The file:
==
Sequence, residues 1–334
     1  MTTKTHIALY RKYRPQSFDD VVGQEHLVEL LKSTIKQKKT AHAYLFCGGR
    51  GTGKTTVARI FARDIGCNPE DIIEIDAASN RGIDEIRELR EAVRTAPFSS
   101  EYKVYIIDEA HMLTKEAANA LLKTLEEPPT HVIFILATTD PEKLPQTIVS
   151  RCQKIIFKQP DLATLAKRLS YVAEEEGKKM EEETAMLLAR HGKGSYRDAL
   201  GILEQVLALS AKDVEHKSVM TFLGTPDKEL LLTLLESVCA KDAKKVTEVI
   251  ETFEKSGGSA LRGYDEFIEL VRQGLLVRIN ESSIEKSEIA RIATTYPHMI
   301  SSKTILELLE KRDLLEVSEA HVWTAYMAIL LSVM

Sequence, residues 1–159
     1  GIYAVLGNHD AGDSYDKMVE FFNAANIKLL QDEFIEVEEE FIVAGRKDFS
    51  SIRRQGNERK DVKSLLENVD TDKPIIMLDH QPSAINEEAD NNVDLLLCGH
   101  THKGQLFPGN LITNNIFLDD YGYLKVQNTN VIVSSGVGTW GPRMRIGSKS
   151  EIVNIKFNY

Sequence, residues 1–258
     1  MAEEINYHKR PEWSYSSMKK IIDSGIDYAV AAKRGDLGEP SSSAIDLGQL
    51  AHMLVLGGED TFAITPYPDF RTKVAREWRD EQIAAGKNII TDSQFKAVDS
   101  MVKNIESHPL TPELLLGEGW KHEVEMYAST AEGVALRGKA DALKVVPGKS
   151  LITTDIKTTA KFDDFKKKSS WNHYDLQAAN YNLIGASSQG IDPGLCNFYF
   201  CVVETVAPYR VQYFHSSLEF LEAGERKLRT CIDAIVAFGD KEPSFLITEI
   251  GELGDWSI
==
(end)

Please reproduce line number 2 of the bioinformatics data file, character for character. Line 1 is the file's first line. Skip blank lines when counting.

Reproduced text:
     1  MTTKTHIALY RKYRPQSFDD VVGQEHLVEL LKSTIKQKKT AHAYLFCGGR